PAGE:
Split between two countries: Mexican-American martial artist must choose which colors to wear

Austinite Sofi Gonzalez has competed in karate for 16 years. She’s been kicked and punched – and has bled more times than she can count. But as a dual citizen of both the United States and Mexico, she says the toughest part of competing is picking which country to fight for.

By Jackie IbarraOctober 8, 2021 10:39 am, , , ,

This story comes from NPR’s Next Generation Radio project.

When Sofi Gonzalez stepped into the ring at the 2019 Pan American Games, she almost looked like every other martial arts fighter.

She had sparring gear strapped on, a mouthpiece in and a belt tightened around her waist. But instead of a matching uniform, Gonzalez hopped out in a Team Mexico jersey and Team USA bottoms — representing both of her countries’ colors.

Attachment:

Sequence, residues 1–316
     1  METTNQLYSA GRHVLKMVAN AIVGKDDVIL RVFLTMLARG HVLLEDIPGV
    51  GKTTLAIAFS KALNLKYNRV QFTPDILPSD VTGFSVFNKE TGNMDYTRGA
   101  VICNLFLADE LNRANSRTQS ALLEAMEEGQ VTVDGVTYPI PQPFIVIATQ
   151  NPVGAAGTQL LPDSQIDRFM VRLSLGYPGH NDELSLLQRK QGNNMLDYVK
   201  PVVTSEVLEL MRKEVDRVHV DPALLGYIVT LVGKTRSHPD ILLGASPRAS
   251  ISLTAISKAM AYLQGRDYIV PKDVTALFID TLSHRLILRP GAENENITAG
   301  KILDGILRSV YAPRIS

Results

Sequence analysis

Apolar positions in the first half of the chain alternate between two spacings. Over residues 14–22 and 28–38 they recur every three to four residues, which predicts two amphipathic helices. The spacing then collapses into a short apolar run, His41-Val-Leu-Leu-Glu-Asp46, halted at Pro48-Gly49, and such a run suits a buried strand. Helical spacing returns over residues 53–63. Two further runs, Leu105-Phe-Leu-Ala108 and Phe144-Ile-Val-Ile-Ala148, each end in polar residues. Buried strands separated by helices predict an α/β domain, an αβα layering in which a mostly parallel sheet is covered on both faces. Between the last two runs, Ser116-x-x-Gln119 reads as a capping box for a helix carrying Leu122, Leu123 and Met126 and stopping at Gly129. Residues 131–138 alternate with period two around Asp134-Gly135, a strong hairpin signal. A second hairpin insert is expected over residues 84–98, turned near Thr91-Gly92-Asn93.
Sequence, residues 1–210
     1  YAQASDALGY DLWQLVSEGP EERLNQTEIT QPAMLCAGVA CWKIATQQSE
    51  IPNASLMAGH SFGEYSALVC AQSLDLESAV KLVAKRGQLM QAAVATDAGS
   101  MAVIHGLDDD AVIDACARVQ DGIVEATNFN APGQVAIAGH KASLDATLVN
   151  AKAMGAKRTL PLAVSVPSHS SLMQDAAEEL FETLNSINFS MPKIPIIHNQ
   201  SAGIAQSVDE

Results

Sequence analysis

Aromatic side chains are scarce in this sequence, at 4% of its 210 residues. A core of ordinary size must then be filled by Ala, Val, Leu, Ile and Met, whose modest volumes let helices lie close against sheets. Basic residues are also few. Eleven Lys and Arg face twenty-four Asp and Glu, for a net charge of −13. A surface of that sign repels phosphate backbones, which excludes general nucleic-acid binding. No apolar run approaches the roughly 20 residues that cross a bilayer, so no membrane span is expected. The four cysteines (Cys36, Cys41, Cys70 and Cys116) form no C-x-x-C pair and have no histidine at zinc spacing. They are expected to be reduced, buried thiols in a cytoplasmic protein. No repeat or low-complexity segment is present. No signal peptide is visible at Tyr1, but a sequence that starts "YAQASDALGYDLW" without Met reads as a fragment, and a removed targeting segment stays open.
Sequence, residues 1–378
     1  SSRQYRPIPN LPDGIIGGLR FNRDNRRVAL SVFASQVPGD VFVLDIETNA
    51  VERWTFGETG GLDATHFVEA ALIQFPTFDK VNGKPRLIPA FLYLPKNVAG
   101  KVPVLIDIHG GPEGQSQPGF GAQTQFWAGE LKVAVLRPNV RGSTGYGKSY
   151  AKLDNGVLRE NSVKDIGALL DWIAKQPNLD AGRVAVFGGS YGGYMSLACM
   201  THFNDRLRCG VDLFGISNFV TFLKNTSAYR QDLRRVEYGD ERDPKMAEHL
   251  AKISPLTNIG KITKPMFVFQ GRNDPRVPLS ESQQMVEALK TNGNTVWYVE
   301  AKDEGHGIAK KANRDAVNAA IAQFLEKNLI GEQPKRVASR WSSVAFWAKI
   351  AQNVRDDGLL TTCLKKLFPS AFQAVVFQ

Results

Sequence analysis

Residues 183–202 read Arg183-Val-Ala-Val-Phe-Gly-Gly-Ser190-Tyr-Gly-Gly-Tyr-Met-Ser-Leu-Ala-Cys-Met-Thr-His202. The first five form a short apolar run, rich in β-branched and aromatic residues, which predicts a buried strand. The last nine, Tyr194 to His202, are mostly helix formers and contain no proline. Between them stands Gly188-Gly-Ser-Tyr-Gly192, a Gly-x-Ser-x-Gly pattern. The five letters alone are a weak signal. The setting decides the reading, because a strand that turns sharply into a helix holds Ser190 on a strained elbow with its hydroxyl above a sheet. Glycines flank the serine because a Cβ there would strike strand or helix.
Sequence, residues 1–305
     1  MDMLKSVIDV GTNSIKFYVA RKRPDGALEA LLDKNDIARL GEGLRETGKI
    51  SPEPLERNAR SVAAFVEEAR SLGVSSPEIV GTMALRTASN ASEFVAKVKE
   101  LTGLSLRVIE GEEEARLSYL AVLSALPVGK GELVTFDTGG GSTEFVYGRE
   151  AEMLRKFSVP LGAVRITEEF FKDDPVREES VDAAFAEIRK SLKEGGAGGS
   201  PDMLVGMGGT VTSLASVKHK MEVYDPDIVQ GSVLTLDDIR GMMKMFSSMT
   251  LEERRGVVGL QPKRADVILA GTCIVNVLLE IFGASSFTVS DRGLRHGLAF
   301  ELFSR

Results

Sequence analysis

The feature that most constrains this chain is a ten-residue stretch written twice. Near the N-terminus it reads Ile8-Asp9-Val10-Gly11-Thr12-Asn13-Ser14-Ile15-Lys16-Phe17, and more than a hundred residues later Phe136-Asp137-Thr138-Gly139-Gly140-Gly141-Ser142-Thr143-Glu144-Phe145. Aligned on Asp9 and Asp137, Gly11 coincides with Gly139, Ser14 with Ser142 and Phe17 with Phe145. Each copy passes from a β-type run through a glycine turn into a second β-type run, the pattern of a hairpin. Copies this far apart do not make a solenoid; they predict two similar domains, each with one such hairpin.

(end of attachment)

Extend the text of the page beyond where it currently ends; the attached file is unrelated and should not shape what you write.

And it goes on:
“I just remember getting my name called to one of our fighting divisions, and I couldn’t make a decision. So I put on the USA pants and a Mexico top,” Gonzalez said. “And I remember this girl from Tennessee, she yelled at me and she was like, ‘Sofi, that don’t match,’ [and] I was like, ‘I know,’ But I felt comfortable doing it.”

In a way, Gonzalez’s uniform did match.

As a citizen of both the United States and Mexico, Gonzalez belongs to both teams and both countries. That hasn’t always been easy. Her life has been about blending — literally and figuratively — blending uniforms, cultures and identities.

In that blending, it can be hard to figure out what it means to be an American.

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